THE Oxford Dictionary describes it as "an alcoholic spirit distilled from sugar-cane residues or molasses".
It has traditionally been the favoured tipple of sailors and pirates - and the late, great American comedian WC Fields, who memorably said: "All roads lead to rum."
It is associated with the West Indies and Latin America, but all that could be about to be change. It could become as Scottish (though not Scotch) as a Glenlivet or a Glenfiddich.
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Up to 3,000 bottles a month could be produced at a factory in Aberdeenshire - deep in the heart of malt whisky country - by Dark Matter Distillers, thanks, in part, to a recent decision by HMRC to ease its tax policies on micro distillers and brewers.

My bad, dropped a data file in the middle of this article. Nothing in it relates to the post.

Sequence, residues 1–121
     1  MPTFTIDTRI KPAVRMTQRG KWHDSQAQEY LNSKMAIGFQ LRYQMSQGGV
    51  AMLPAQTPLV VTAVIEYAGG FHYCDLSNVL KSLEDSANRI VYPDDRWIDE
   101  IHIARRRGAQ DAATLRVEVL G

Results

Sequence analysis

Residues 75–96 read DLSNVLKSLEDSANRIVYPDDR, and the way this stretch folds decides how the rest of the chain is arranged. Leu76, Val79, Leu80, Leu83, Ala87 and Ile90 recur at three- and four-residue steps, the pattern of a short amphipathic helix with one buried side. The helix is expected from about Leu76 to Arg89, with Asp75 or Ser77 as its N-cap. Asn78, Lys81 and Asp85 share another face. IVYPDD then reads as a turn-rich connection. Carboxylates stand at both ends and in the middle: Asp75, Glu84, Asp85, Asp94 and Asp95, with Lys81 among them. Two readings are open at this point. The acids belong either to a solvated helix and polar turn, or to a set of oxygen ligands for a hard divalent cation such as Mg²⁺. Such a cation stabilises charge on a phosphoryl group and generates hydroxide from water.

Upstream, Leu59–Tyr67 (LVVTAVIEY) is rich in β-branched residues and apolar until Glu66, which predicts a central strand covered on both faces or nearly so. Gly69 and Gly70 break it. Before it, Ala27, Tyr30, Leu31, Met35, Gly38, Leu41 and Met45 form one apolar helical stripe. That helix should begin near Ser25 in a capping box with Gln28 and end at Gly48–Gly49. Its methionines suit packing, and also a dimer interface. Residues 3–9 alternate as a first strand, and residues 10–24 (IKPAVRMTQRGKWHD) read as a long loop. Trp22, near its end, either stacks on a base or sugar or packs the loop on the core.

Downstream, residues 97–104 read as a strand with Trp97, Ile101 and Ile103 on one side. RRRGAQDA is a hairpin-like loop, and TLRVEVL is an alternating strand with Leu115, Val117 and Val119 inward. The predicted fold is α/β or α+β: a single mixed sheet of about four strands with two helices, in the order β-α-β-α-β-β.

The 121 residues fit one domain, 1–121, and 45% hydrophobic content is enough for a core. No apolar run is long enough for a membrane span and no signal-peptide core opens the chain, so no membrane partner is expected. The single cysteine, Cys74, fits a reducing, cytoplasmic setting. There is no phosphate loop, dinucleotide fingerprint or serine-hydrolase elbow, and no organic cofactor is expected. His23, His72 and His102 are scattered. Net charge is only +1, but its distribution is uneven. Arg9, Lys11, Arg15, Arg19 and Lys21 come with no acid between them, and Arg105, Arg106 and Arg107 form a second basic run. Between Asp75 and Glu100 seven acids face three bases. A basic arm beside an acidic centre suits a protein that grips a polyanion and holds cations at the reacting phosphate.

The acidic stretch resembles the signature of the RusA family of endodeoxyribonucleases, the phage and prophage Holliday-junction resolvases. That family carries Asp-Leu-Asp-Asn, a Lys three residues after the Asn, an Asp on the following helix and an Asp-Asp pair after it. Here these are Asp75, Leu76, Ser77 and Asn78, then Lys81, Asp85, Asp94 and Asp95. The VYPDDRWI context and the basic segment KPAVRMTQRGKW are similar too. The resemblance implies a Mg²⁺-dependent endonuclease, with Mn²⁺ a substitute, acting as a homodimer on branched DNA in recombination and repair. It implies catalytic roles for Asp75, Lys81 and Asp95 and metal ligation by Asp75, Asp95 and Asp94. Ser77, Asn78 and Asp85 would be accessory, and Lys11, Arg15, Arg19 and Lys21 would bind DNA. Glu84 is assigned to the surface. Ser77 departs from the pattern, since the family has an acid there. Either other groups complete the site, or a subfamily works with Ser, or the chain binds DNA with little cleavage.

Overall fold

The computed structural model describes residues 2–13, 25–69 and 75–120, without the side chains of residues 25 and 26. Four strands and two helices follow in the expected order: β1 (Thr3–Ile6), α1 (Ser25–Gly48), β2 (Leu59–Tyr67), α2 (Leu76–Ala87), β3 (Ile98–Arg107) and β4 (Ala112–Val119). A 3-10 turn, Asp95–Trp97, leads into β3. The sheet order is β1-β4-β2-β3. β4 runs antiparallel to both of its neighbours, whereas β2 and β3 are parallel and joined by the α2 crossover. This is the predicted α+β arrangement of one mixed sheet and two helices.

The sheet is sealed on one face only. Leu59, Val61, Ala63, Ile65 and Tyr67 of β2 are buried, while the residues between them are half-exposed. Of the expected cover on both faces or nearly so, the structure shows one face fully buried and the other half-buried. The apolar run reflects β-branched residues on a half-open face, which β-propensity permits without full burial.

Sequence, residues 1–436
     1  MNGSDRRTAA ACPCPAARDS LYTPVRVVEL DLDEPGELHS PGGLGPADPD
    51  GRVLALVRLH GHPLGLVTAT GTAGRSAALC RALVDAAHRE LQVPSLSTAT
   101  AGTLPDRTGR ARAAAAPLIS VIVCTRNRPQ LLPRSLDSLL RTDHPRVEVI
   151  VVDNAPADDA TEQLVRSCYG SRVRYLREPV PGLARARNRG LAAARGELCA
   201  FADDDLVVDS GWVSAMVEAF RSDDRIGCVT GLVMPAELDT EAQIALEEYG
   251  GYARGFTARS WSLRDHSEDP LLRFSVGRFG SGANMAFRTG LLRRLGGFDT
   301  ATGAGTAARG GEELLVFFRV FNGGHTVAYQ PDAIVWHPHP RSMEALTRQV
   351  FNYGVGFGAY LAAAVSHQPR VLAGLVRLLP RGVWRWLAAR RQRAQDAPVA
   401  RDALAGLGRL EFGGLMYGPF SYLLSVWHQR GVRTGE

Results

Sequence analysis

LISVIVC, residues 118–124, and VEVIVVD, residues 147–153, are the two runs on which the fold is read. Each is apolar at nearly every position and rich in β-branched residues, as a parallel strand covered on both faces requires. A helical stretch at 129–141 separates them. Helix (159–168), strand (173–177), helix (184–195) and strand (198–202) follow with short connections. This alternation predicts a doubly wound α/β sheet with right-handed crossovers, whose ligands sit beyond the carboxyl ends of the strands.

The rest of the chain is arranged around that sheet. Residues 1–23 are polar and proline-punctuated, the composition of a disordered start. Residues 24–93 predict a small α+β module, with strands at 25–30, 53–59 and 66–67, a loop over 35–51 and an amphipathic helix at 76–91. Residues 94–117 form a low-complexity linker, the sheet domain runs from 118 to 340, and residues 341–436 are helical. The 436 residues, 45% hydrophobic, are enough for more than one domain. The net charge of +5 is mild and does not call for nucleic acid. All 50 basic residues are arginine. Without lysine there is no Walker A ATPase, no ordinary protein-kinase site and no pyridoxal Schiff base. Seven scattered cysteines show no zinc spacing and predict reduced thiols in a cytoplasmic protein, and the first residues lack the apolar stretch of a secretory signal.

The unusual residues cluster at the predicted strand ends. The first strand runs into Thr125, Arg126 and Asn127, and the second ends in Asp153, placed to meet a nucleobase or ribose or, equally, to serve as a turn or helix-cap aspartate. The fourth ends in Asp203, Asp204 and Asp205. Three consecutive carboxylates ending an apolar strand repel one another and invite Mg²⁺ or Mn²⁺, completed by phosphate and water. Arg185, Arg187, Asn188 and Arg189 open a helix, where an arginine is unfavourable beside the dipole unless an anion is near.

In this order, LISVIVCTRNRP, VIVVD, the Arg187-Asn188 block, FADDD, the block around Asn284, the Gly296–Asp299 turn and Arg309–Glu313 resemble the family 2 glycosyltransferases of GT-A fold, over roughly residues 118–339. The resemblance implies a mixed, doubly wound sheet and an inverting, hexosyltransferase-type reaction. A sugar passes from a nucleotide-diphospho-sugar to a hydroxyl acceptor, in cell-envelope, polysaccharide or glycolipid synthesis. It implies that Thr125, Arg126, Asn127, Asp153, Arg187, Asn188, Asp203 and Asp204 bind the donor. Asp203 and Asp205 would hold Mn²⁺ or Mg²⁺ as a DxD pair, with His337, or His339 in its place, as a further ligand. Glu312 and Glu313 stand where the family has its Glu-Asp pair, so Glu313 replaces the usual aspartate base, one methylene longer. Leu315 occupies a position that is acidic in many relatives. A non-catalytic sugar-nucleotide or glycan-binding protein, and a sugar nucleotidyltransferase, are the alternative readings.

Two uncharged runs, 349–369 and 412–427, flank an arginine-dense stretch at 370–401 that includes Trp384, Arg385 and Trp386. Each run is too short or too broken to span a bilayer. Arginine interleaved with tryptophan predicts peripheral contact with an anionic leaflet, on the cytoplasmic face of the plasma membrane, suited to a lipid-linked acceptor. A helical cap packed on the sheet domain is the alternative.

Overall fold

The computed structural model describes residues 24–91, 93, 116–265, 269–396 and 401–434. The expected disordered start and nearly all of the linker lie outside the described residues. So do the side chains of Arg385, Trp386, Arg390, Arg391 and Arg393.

In what may be seen as a rum punch to the solar plexus of traditionalists, there is a possibility that the product may even be exported to the Caribbean, though it will have a different taste to its more exotic cousin. Changes in temperatures as it weathers in our cooler climate will see to that.
This prospective boost to the nation's export earnings is to be welcomed. There is surely room in Scotland for both rum and whisky. Just not in the same glass.